- Free and ad supported video streaming is on the rise
- Ads are found to be less objectionable when pushing ‘local’ messages
- Younger viewers like local ads more than do older viewers
Video-based business models are of increasing interest to CSPs with DSP aspirations. From wirelessly supported video production (live events, sports coverage and so on); streamed video delivery to mobile and wired devices and on and up to challenging global players such as Netflix in the booming content streaming market. Recent headline grabbers along these lines include AT&T’s foray in international video services ( see - AT&T going global with video service).
That’s one strategy, but value may also be found at the other end of the streaming spectrum (as it were).
As local newspapers fold and conventional national and regional TV/video services can’t quite fill the media gap, the research indicates that there’s room for new business models to infill.
Streaming delivery with geographic awareness might be one model that next gen local media requires and that 4G/5G can deliver. Research conducted in the US into potential customers implies there might be some sort of future in it.
According the results of a survey conducted online by The Harris Poll on behalf of ZypMedia, nearly half a sample of US consumers were already tuning in to both local streaming services or free ad-supported services.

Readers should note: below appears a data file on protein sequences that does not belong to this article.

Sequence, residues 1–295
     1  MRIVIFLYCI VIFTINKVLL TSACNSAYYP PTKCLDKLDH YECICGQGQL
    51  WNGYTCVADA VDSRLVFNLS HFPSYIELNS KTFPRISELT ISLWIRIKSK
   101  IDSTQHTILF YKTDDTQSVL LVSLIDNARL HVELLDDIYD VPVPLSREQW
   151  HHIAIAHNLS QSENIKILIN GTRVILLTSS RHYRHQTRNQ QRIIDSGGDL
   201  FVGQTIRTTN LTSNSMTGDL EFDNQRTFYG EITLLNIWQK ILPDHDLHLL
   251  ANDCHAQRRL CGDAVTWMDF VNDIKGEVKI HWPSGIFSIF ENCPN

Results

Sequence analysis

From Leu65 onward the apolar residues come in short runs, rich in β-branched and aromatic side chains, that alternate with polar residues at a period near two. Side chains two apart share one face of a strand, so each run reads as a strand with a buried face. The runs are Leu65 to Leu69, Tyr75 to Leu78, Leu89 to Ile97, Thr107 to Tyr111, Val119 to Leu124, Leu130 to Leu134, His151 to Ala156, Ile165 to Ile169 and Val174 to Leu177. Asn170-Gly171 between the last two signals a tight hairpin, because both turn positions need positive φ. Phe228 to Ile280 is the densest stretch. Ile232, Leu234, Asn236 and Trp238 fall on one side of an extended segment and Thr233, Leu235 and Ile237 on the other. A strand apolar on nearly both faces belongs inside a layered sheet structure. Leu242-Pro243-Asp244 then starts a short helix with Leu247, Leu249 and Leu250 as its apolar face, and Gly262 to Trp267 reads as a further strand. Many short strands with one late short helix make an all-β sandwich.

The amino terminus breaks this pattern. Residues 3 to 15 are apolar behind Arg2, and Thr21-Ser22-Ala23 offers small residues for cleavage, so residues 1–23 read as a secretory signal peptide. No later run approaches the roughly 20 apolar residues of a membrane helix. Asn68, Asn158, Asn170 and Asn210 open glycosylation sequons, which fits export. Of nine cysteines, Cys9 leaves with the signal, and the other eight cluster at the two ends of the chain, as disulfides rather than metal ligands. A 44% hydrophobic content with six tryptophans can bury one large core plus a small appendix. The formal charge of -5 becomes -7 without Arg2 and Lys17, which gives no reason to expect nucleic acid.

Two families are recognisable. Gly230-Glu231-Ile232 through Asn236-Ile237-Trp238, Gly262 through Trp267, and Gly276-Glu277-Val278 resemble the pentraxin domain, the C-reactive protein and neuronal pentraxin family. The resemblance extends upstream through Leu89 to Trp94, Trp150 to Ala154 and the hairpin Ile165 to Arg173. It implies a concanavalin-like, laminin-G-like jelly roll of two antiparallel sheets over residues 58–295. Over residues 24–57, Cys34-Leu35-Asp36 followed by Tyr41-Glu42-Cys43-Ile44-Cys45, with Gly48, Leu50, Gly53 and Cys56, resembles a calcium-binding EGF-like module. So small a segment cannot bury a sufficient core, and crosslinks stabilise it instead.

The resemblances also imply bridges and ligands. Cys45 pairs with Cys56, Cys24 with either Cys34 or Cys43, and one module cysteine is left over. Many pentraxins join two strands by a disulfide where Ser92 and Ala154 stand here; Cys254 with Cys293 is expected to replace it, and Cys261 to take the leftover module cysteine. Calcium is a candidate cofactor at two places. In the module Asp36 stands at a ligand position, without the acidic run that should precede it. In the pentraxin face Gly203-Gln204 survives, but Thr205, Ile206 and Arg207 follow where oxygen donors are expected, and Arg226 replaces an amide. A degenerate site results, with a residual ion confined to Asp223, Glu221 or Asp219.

Consumers aged 18-44 are more likely to watch local and free, or ad-supported streaming services than those aged 45+
Ever Watch Local Streaming Services
Ever Watch Free, Ad-Supported Services
Total (all ages surveyed)
Men are more likely than women to watch this type of content (50% vs. 42%)
Cord Cutters* of all ages
This is deemed good news from a commercial standpoint as it implies that ad-supported free services are potentially a valuable channel for advertising messages (from telcos themselves as well as commercial advertisers).
More good news is that the aversion to ads that it’s assumed drives cord-cutting and migration to streaming services, may not apply when localisation is factored in. More than half (52 per cent) of the survey respondents indicated that they don’t mind watching local ads, and 47 percent of cord shavers (those that cut back on channels) also agree, many claiming that they find local ads more relevant.
The upshot is that local free streamed services supported by ads may turn out to be another string to the telco bow, especially where operators can be seen to have a local retail presence, as many do.